Folks, I’m going to ask you to do a thing you might not get to do very often: write about how great you are. Or, if you prefer, how great an experience you have had, specifically while volunteering. I know, anecdotally, that librarians and library workers volunteer a lot of our time. (I’m not talking about working late at our own libraries, though that’s a thing we do; nor am I talking about what we do as part of professional organizations. I really mean volunteering, out in our communities.) I used to do stage managing (aka “planning, organizing, and herding cats”) for a local theatre group—and will again, if one of Anchorage’s troupes will have me. I know librarians who go organize soup kitchens, who catalog books and plan events for local non-profits, who teach computer classes at senior centers, and the list goes on. We are definitely out there, making a difference, and I think that needs to be more visible.
Now I’m going to back up, explain what I’m going on about, and then make my request for your story.
Back in the day, ALA used to do big volunteer days at their annual conferences, called “Librarians Build Communities” (or sometimes “Libraries Build Communities,” but we have since settled on the former). The best-known of these was probably the one in New Orleans, when ALA was the first conference back after Hurricane Katrina. They were pretty great experiences, both for the volunteers involved and for the organizations they were helping out. (Most of those organizations were libraries; it wasn’t originally an advocacy kind of program. But I’m getting ahead of myself.) The ALA Chapter Relations Office felt that, while this was great and worth doing, it should really be expanded beyond just our national conference. They envisioned each state matching volunteers with organizations—both libraries and not—that needed them. Thus was born a multi-year Emerging Leaders project.
This year, we have focused on getting a webpage set up, with a primer that will help any ALA chapter, any state, or any city looking to start their own program. On the site, we explain the concept of skills-based volunteering, the idea of volunteerism-as-library-advocacy, the benefits to an individual who volunteers, the history of the program, and, of course, what the program might look like at the state level. To make it all doable within our project’s time frame—and to give states an easy place to start—we have focused on the one-day kind of events, a lot like ALA did. But we’ve changed the emphasis to be externally-focused (not volunteering in libraries, but rather in the rest of our communities) and created a blog, to better showcase individual librarian-volunteers, as well as successful state and local LBC programs.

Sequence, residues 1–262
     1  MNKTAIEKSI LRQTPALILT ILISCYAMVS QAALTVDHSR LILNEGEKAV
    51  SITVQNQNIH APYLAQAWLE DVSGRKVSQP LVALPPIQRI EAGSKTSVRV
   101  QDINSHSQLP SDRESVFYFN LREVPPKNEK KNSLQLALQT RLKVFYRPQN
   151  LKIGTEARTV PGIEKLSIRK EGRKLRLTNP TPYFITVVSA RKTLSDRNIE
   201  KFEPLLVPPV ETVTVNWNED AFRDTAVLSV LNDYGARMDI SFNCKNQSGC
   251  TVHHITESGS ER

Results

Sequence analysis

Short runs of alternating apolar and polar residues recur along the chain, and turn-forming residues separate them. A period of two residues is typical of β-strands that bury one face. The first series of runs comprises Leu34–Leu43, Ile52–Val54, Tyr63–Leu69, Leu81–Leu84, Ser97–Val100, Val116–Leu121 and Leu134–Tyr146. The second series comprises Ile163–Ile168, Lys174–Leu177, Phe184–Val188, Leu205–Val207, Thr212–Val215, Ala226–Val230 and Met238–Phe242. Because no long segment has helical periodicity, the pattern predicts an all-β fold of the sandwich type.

I’d like you to write your volunteering story for the LBC Blog, please! (It can be fairly short; that’s OK.)
So I’m asking, if you’re a librarian (or library worker, or archivist, or museum worker) who has done any volunteering using your library (etc.) skills, would you please write about that experience and submit it to the LBC Blog? If you’ve got pictures, that’s even better! (You can follow that link and submit your blog post, or you can email the group of ELs at librariansbuildcommunities at googlegroups dot com.) Here’s a pretty fantastic post, to give you an idea of the kind of thing we’re looking for.
And if you’ve done volunteering that didn’t specifically use library skills—for instance, the local chapter of my library association is going to pick up trash for two hours on a Saturday—feel free to write that up, too. We might hold that post for a little bit, until we get more of the skills-based posts showing up, but I still think it would be a valuable contribution to the blog. (I’m going to write about our trash pick-up for sure! With photos!)